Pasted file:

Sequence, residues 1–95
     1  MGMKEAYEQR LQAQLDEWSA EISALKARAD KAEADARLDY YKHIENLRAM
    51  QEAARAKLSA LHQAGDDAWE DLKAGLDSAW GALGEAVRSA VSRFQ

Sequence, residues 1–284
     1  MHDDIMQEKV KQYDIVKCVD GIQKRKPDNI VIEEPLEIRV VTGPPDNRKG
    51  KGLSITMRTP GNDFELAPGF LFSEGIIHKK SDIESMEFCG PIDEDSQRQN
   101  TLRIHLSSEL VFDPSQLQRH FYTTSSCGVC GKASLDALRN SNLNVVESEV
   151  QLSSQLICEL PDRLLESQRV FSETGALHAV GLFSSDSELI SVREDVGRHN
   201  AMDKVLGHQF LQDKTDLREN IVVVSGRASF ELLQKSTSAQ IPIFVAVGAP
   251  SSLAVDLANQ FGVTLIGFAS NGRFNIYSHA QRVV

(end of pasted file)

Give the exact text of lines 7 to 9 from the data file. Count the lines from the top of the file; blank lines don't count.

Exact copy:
   101  TLRIHLSSEL VFDPSQLQRH FYTTSSCGVC GKASLDALRN SNLNVVESEV
   151  QLSSQLICEL PDRLLESQRV FSETGALHAV GLFSSDSELI SVREDVGRHN
   201  AMDKVLGHQF LQDKTDLREN IVVVSGRASF ELLQKSTSAQ IPIFVAVGAP